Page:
Progress in St. Paul

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This letter is in response to statements in last month’s DMC story that questioned whether work done by the W. Haywood Burns Institute has reduced disproportionate minority contact.

Our approach to reducing the inappropriate use of secure detention and racial and ethnic disparities has been to engage the eight core strategies of JDAI developed by the Casey Foundation. This methodology for instituting system reforms is working to ensure equitable treatment for youth throughout the county’s juvenile justice process. Early results have shown a reduction in the overall detention population, a decrease in the average daily population for youth of color and a reduction in the number of youth detained on probation violations.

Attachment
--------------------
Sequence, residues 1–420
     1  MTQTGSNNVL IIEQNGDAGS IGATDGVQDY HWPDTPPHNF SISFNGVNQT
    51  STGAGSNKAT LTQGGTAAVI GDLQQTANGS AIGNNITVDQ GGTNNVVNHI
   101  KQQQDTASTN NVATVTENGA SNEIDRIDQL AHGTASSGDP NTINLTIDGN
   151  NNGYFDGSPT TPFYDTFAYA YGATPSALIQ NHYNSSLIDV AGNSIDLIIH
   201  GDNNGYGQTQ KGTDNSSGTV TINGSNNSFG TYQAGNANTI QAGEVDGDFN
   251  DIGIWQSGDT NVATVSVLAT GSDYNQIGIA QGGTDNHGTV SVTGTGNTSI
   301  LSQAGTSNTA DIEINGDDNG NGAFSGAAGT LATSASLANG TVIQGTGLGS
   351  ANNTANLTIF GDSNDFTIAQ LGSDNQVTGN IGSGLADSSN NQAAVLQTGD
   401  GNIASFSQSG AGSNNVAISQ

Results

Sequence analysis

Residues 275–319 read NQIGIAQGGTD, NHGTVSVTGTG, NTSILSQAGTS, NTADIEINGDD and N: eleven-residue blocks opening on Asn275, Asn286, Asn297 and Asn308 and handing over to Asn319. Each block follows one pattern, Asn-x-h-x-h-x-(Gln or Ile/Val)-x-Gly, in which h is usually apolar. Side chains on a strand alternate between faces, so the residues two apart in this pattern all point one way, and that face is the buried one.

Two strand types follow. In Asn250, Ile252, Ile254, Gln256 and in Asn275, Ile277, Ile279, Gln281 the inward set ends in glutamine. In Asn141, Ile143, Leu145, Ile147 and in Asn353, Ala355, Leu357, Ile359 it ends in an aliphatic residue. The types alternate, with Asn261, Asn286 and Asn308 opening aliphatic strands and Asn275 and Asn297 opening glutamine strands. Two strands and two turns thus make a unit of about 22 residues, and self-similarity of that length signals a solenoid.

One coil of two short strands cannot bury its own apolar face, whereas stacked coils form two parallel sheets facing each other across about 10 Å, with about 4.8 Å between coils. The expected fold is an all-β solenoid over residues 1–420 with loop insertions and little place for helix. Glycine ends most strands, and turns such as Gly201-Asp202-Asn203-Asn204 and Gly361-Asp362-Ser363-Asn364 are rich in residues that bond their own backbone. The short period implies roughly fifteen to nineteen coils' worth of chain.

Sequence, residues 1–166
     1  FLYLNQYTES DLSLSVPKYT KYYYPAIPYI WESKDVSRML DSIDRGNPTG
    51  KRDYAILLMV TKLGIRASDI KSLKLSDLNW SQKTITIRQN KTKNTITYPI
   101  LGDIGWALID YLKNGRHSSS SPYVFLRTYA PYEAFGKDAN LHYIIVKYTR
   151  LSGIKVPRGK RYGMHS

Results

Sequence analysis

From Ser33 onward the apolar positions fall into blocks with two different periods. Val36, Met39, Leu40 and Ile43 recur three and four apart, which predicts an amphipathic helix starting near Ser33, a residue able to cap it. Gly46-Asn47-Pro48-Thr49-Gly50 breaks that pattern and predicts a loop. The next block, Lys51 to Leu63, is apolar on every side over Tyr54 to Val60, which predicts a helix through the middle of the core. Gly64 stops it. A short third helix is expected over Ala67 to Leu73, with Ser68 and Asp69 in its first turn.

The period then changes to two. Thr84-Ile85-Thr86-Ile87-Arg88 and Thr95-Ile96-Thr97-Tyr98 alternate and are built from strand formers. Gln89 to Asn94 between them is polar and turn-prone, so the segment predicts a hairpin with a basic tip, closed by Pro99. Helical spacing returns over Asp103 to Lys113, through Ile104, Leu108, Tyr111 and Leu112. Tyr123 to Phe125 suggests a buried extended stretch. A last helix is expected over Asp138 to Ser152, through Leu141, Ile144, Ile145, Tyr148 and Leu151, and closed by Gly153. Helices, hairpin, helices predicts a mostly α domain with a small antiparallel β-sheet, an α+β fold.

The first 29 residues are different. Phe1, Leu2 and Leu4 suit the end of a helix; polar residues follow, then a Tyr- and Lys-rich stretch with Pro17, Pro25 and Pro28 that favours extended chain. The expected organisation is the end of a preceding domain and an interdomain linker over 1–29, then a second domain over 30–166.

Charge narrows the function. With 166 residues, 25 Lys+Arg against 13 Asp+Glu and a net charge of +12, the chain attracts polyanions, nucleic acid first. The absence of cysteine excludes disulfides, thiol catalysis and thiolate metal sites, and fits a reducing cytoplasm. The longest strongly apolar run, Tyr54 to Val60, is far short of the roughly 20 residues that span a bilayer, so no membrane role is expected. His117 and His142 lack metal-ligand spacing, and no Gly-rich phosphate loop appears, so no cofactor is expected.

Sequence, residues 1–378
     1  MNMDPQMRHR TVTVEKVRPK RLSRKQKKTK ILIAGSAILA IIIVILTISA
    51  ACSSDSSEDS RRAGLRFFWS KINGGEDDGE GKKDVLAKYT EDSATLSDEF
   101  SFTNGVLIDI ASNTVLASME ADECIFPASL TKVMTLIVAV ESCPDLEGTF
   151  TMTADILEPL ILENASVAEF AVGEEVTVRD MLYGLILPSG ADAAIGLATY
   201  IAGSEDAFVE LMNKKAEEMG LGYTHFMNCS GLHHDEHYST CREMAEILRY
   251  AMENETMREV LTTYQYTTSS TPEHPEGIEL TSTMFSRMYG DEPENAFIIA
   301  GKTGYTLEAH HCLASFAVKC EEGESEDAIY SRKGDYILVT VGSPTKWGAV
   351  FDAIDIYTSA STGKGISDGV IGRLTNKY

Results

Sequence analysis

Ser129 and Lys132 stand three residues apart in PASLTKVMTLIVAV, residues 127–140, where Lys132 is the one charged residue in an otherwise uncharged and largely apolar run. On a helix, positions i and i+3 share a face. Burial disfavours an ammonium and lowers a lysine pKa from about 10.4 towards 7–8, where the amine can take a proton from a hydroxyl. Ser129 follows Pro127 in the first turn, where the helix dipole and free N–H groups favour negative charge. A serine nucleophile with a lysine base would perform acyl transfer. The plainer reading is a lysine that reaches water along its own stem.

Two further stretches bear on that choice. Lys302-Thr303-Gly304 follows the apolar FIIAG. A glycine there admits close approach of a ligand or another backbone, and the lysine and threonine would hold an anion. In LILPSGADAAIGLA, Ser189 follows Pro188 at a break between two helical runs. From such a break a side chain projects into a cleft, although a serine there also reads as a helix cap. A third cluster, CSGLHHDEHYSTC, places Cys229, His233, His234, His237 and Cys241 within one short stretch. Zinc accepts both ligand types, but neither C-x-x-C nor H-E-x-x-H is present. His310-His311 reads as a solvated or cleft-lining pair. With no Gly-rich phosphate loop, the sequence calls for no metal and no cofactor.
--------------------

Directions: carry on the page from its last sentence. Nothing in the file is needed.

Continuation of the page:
Though we continue to struggle with disproportionality, we are making progress in working with representatives of affected communities.

The Burns Institute has been our partner in addressing DMC. The Institute has provided invaluable services to us, and we continue to benefit greatly from its assistance. The Burns Institute has clearly influenced our resolve to address DMC beyond the systems reform of JDAI, insist that we focus on the racial impact of all our decision-making, and that we clearly define DMC success. Using the Institute’s methodology, we are clarifying and strengthening community roles and relationships on behalf of our youth, and fostering a deeper involvement of both community and systems volunteers.

The strength of our Initiative comes from the commitment of our non-public and public volunteers to the JDAI process and principles. These volunteers have negotiated their diverse ideas and unique positions into a collectively adopted direction in the interest of better outcomes for all Ramsey County youth.

Toni Carter
Ramsey County Board of Commissioners
Co-Chair, JDAI Executive Committee

Judge Gary Bastian
Ramsey County Juvenile Courts
Co-Chair, JDAI Executive Committee
St. Paul, Minn.